Guide to SKOPJE

Balkon3 at a flea market in Berlin


Handmade furniture, a curious collection of dolls, old jewelry, antiques, gas masks, clothing items  from East and West Germany, freshly prepared food and loads of things that you wouldn’t even think of finding at a market. Balkon3 found all of this and more at a flea market in Berlin, Germany.

Although winter is slowly coming to an end, cold weather still shrouds Berlin with all its vigor. This is how we find the largest city in Germany, where there is always something to do. If you happen to visit the city on a Sunday, Balkon3 recommends that you visit Mauerpark flea market which opened in 2004.  Perhaps you did not know that the word “Bit Pazar” is a Turkish  compound noun derived from the words “bit” which means “flea” and “pazar” which means market.

In Berlin’s Mauerpark, (park along the wall), you will not find fleas, but you will find everything else you might you need, and hundreds of things whose purpose will remain a mystery. The flea market became one of the most interesting attractions in Berlin that is open during the weekend. On Sundays, thousands of  Berliners, and even more tourists head towards Bernauer Street no.63. You cannot miss the market because as soon as people leave the subway they all move in that direction following  the noise and the smell of sauerkraut.

If Bernauer Street isn’t very lively on Sundays, do not despair because the flea market is literally packed with people. Although the day began with a rainy morning, it wasn’t a good enough reason for Berliners and tourists to stay in. You will recognize the locals immediately because they go there in order to find a piece of antique furniture, second-hand TV, household appliance etc., and you’ll recognize tourists by the fact that they get photographed at each stall, completely forgetting that shopping is the primary reason to be there. The smell of various spices and a mix of colourful stalls welcome the visitors at the entrance. They sell everything and anything, without any particular plan or order. One cannot tell with certainty whether there are more clothes, used items, handmade works of art or any other art before you. There are jewelery makers, some produce woven garments, some cook and some do hand drawn sketches out in the  open. The hats made from coffee bags, with a price range starting from €19, were especially interesting.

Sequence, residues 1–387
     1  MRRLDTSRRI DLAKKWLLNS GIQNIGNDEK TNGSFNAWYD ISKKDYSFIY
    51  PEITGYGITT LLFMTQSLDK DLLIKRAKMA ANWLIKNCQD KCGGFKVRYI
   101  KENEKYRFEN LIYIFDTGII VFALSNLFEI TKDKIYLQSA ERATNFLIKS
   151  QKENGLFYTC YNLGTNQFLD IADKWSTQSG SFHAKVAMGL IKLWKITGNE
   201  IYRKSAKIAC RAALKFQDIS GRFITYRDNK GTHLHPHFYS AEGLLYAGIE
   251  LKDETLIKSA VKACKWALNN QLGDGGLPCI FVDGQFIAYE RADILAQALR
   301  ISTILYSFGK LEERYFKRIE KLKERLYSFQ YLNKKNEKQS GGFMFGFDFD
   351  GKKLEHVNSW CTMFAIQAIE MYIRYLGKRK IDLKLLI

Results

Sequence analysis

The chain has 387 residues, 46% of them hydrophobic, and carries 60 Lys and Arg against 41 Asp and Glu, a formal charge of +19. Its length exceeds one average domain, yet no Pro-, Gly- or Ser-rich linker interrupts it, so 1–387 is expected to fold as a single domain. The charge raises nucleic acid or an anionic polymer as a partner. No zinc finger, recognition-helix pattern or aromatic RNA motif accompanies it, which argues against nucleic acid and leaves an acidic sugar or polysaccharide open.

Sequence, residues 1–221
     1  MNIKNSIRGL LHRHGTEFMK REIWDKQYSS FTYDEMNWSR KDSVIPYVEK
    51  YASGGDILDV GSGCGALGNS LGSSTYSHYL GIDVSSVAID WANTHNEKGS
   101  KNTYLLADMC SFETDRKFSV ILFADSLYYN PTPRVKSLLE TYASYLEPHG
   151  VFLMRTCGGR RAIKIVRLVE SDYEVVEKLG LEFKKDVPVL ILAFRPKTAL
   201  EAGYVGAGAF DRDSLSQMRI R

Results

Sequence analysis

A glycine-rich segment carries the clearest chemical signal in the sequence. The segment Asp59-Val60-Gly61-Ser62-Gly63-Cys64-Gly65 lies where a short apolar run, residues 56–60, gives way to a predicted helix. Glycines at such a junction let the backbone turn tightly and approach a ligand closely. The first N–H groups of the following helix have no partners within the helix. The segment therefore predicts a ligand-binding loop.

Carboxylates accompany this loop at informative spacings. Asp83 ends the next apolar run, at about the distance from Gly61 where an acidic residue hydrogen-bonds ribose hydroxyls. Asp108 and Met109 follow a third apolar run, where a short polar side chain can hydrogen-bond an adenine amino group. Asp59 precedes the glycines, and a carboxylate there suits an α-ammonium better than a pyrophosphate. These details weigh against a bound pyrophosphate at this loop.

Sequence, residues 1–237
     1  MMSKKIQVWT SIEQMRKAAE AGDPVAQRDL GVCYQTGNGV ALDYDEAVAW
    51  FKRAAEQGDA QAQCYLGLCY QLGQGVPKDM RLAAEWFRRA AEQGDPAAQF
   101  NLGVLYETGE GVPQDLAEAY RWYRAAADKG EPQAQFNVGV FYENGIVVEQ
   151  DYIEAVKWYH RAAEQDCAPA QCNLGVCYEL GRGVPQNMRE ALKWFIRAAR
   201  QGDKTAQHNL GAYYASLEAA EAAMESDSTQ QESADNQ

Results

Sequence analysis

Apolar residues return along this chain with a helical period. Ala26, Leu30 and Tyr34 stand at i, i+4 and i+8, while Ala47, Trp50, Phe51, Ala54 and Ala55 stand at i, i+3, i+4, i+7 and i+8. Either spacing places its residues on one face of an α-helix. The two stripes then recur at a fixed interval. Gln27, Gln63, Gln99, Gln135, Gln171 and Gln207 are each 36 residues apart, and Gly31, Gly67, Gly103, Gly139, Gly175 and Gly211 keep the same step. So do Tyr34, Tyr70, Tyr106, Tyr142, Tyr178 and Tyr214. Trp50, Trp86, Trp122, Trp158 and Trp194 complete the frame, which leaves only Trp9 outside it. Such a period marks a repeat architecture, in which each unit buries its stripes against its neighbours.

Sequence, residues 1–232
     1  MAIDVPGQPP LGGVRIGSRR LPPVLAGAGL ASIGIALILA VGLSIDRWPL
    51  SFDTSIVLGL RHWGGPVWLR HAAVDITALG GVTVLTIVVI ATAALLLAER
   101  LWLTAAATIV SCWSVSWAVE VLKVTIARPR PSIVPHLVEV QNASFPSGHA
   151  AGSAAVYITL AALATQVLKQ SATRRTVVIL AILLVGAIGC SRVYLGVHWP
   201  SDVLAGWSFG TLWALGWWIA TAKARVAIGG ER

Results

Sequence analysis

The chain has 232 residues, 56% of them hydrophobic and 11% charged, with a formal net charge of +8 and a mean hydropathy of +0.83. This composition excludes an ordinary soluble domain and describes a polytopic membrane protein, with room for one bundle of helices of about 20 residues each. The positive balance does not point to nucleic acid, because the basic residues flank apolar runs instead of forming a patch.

The market welcomes both the poor and the rich, and here one does not make any distinctions between people, because they are all mixed together in the crowd, so everyone can choose something according to how deep their pocket is. However, you can haggle. For example, you can buy a coat, as good as new, worn by soldiers from East Germany, for about €15. You may find rare cameras that only cost several tens of euros. Some products may surprise you, such as the collection of Lego blocks, which a German had collected as a child but has now decided to sell.

A collector of beer glasses that came in various shapes, sizes and colors attracted a lot of attention as well.

A young couple bought an old piece of furniture that they mounted in their bike and left, pleased with their shopping. It will be hard to bring back to Skopje some rare furniture from East Berlin, so we decide to take something smaller, like handmade jewelry. More than ten stalls offer diverse jewelry, but one of them stands out, selling jewelry from the 1960s and 1970s so we decided to buy some earrings as a gift and a souvenir from the beautiful flea market in Berlin.

Markets are a great place to learn about the culture of a country, a small place to see art being created before your eyes, try local food, see familiar avant-garde people, see the past and experience the present. At Mauerpark flea market you can feel all of that, the beauty of Berlin – then and now. (A.M.)